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Bizarre Medical First: Live and Wriggling Parasitic Worm Discovered in Australian Woman Brain



Bizarre Medical First: Live and Wriggling Parasitic Worm Discovered in Australian Woman Brain

“Unprecedented Medical Marvel: Live Worm Extracted from Australian Woman’s Brain in World’s First Case”

In a groundbreaking medical revelation, doctors successfully removed a live eight-centimeter worm from the brain of a 64-year-old Australian woman in a pioneering surgery. The patient, who had been enduring a series of health issues for an extended period, was admitted to the Australian National University (ANU) and Canberra Hospital. The medical team’s astonishing discovery of an “alive and wriggling” Ophidascaris robertsi roundworm within her brain left them astounded, as this parasite had hitherto only been observed in carpet python snakes and kangaroos. The worm’s larvae were also suspected of having invaded other organs in her body, including the lungs and liver.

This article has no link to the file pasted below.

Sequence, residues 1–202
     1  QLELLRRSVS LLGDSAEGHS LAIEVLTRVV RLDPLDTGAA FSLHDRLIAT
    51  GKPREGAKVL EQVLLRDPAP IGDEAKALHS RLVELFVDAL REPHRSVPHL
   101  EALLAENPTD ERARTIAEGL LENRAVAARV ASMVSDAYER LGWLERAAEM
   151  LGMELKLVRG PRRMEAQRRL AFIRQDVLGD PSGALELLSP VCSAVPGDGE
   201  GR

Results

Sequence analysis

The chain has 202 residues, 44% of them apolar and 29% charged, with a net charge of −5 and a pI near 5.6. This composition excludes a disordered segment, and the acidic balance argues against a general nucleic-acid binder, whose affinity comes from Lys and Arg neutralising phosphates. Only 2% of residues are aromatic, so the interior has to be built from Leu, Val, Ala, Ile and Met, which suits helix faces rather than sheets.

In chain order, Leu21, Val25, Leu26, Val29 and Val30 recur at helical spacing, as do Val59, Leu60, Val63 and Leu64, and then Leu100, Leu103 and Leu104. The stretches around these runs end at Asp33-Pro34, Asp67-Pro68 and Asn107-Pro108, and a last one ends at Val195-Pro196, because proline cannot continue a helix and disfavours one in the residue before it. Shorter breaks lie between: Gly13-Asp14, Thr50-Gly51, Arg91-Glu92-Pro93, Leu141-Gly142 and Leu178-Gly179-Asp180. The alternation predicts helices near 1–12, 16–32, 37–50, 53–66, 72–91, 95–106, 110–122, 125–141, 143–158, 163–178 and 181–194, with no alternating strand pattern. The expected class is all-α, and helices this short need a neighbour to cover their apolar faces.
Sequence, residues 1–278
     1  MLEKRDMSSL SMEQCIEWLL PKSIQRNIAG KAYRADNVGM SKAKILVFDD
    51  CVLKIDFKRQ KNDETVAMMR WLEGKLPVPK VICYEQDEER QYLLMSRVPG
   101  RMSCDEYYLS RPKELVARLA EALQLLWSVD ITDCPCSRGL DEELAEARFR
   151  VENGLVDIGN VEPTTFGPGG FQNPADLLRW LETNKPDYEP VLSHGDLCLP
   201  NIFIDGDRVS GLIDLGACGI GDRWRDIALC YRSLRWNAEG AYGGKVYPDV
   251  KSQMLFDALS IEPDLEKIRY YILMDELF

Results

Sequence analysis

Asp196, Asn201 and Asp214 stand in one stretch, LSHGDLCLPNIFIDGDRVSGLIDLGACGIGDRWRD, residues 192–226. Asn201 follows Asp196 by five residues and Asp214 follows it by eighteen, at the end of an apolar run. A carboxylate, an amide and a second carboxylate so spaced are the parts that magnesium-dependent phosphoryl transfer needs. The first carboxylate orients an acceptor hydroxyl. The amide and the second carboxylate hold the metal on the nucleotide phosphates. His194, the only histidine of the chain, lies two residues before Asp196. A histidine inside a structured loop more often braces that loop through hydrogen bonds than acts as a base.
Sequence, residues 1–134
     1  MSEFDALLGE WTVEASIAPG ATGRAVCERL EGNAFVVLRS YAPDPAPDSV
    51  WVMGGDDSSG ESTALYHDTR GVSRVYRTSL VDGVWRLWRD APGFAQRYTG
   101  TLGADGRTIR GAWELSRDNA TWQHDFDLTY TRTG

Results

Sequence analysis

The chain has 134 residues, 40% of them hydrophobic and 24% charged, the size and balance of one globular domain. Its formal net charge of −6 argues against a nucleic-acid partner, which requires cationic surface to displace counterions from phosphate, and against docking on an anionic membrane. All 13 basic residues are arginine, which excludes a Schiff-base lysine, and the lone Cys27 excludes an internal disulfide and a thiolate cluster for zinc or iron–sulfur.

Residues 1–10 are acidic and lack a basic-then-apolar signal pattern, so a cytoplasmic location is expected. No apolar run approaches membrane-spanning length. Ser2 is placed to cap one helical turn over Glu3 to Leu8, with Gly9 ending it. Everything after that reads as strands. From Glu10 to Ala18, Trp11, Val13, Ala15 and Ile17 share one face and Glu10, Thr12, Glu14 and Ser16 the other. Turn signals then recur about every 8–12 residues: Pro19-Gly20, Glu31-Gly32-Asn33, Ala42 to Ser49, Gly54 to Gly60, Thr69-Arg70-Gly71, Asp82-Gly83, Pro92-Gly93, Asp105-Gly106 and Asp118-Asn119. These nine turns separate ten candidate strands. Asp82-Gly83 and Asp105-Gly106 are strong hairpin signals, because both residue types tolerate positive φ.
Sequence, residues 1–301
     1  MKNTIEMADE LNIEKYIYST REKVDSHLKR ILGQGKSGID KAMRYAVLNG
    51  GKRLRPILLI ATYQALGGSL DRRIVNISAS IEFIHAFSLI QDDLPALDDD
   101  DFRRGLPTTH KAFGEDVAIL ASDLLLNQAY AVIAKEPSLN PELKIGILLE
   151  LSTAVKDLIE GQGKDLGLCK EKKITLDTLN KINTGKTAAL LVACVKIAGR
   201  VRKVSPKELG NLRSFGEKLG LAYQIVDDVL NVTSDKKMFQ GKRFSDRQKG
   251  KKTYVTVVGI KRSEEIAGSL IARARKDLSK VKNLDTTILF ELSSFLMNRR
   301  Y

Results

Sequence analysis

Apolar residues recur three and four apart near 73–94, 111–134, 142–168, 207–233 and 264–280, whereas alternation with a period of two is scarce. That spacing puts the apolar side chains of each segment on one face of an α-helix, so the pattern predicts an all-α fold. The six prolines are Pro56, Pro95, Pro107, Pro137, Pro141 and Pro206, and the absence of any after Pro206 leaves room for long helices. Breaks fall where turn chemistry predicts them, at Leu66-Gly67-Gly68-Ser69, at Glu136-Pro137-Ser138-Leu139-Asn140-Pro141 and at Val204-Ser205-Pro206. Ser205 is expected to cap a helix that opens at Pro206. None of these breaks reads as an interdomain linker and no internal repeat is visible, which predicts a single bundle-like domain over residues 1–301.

Dr. Sanjaya Senanayake, a hospital doctor and infectious disease expert, expressed, “This is the first-ever human case of Ophidascaris to be described in the world. To our knowledge, this is also the first case to involve the brain of any mammalian species, human or otherwise.”

The patient, originating from New South Wales, initially sought medical attention at a local hospital in 2021 due to symptoms such as abdominal pain and diarrhea. By 2022, signs of forgetfulness and depression had manifested, prompting her referral to the Canberra hospital. An MRI scan of her brain disclosed abnormalities necessitating surgical intervention. Subsequent DNA testing post the brain scan confirmed the presence of the parasite.

The researchers’ hypothesis is that the woman contracted the infection while foraging for edible shrubs near her residence. It is presumed that these shrubs were contaminated with parasitic larvae from snake excrement.

While this case marks the world’s first instance of such an infection, Dr. Senanayake believes that “it is likely that other cases will be recognized in coming years.” The study detailing this unprecedented occurrence has been published in the journal Emerging Infectious Diseases.

The US Centers for Disease Control and Prevention (CDC) underscores that over 60% of known infectious diseases in humans can be transmitted from animals, and three out of four new or emerging infectious diseases originate from animals.

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